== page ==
SV: NEW: Racist Newton didn't discover Gravity!
Lars Martin Fosse
lmfosse at ONLINE.NO
Sun Apr 8 15:32:25 UTC 2001
Arun Gupta [SMTP:suvidya at OPTONLINE.NET] skrev 8. april 2001 16:34:
> 1. That Harappan culture declined for reasons other than Aryan invasions
> can be found in e.g., Jonathan Mark Kenoyer's book, and e.g., the Asia
> Society & Pakistan Govt. exhibition in New York (1997) on the Indus
> Valley civilization. There are hardly saffronites.
This has long since been recognized even by the "Invasionists" and is not a
bone of contention.
> 2. From Alberuni, chapter XXVI "So Brahmagupta says : "Scholars have
> declared that the globe of the earth is in the midst of heaven...we
> say the earth on all its sides is the same; all people on earth stand
> upright, and all heavy things fall to the earth by a law of nature..."
> The inverse square law occurred to people other than Newton as well,
> Newton's genius was in being able to use the law to calculate orbits.
In general terms, it seems evident to me that any natural law or
mathematical principle can be discovered by anyone anywhere (provided they
have the knack for that sort of thing). We do not have to assume one
specific point of departure for all discoveries and inventions. I strongly
suspect that whereever you find grand architecture, somebody must have
understood something of natural laws and mathematics, even if they did not
write scholarly books on the subject. I therefore politely suggest that the
quarrel about who invented what first is not a very interesting one. It is
far more interesting when the discovery of a natural law of of mathematical
principles "take off" in such a way that they become "world-shattering"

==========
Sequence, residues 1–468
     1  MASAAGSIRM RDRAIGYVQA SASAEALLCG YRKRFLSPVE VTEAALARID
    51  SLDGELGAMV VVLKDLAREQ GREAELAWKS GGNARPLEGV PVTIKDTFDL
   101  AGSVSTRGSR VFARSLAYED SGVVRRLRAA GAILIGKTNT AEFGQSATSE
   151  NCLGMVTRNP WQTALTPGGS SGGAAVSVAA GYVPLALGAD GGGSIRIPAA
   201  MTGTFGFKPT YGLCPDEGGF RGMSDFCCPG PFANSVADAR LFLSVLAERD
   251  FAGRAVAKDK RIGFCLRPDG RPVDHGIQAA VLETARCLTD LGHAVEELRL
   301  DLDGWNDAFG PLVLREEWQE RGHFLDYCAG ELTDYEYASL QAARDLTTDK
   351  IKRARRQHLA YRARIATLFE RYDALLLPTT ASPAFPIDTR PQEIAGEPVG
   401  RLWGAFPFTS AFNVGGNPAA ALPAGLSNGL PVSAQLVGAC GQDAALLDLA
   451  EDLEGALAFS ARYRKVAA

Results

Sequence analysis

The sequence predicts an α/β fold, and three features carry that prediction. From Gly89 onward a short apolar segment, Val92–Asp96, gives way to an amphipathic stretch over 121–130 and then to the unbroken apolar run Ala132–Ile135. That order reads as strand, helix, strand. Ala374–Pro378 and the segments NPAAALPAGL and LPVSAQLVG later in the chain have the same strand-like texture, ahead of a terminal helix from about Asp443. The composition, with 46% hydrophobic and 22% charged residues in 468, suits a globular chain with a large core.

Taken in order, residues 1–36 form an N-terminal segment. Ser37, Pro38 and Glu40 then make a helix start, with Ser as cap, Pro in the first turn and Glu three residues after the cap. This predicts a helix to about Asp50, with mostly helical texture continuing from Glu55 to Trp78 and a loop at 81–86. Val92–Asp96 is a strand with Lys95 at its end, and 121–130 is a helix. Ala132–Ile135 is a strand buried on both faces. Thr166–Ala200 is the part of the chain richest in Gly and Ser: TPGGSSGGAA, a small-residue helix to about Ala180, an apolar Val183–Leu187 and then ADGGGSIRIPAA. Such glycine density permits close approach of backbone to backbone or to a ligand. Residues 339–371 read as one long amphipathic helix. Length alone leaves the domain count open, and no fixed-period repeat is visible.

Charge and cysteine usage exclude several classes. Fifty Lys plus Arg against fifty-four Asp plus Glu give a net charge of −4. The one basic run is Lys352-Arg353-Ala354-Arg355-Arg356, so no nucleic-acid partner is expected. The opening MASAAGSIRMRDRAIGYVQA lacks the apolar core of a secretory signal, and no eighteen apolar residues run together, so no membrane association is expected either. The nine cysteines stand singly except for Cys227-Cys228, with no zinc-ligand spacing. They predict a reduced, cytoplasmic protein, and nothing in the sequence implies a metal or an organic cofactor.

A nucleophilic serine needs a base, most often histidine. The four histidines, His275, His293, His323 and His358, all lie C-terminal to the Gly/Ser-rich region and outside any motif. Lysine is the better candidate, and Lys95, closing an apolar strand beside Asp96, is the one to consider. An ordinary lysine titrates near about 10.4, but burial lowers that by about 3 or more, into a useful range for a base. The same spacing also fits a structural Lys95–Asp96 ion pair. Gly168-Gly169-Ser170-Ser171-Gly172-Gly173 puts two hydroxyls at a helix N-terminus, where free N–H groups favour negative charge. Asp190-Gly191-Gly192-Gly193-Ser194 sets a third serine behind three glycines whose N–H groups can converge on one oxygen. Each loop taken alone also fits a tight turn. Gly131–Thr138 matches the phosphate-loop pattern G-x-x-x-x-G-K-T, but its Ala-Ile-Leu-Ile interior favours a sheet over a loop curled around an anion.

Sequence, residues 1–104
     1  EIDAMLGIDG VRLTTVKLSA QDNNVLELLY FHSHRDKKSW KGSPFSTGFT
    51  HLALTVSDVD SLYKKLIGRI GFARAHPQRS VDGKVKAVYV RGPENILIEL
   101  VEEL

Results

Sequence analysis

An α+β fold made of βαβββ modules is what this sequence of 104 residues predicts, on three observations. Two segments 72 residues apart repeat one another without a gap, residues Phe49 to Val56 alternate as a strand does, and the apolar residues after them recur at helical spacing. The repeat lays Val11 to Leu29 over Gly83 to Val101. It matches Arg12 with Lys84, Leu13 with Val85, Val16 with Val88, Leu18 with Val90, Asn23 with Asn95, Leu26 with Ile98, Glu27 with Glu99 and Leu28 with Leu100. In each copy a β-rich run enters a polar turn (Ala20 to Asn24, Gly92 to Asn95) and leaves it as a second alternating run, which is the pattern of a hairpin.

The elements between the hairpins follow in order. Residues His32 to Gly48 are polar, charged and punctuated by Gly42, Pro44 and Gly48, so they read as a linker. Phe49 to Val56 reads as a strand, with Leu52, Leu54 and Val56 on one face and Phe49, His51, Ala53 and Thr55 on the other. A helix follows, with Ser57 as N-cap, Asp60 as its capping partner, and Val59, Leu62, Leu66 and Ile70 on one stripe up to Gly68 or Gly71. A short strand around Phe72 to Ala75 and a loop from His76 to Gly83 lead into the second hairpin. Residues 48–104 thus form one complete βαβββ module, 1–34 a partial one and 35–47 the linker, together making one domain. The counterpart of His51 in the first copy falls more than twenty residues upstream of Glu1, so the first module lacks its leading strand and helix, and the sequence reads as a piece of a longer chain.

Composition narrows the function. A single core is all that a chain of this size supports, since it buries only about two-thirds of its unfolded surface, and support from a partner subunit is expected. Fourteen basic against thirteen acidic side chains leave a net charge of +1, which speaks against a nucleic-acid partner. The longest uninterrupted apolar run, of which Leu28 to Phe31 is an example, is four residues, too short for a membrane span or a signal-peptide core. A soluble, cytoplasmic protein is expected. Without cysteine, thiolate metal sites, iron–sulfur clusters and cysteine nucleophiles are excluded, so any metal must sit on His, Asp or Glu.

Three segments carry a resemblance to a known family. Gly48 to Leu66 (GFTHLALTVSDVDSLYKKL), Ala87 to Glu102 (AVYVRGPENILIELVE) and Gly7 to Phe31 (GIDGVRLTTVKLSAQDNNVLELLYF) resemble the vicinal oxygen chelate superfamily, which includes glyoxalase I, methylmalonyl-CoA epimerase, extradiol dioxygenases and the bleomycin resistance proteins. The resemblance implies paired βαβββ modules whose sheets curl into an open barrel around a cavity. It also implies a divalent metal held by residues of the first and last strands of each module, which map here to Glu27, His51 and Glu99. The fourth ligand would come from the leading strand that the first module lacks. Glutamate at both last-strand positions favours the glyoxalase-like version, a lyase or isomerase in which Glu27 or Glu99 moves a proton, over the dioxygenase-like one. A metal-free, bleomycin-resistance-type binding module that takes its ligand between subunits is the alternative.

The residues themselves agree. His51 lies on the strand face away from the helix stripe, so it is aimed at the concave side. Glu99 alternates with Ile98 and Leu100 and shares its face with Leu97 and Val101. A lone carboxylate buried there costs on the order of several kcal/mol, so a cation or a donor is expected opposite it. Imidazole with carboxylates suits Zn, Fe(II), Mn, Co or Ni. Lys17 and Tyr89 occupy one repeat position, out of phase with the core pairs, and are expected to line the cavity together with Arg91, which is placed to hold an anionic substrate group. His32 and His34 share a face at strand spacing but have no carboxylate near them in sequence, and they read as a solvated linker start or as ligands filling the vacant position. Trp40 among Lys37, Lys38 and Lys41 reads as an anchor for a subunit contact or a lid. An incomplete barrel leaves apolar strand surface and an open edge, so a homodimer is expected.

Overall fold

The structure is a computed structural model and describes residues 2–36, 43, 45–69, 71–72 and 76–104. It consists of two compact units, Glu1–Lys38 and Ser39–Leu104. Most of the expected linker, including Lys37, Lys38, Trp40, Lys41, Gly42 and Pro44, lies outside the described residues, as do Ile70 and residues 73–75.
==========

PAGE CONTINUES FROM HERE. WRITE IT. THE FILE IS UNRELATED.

events. And here Newton, as suggested above, is a case in point.
Let me give another example from a different field, "the discovery of
America". It is a fact that Norsemen operating from Greenland discovered
America before Columbus. So what happened? They spent 500 years getting
their timber in America. That's all. End of story. Not much, really. But
when Columbus discovered America, we had one of those "world-shattering"
events. A great rush of people from over here to over there. Indian
civilizations come crushing down under the European onslaught. Millions die
of war and desease. The Americas are taken over by a totally alien culture.
New nations are born, and the US, the world's most powerful superpower
these days, were created. So why bother with Leiv Eirikson at all? He would
only be significant if his discovery prompted Columbus' voyage to the new
world. That has of course been suggested, but it most probably didn't
happen. I think Columbus was quite capable of discovering America without
the help of Leiv Eirikson. The Norse discovery of the Americas is an
historical footnote. The one that matters is Columbus'.
And I politely suggest that this goes for many other "firsts" as well.
Lars Martin Fosse
Dr. art. Lars Martin Fosse
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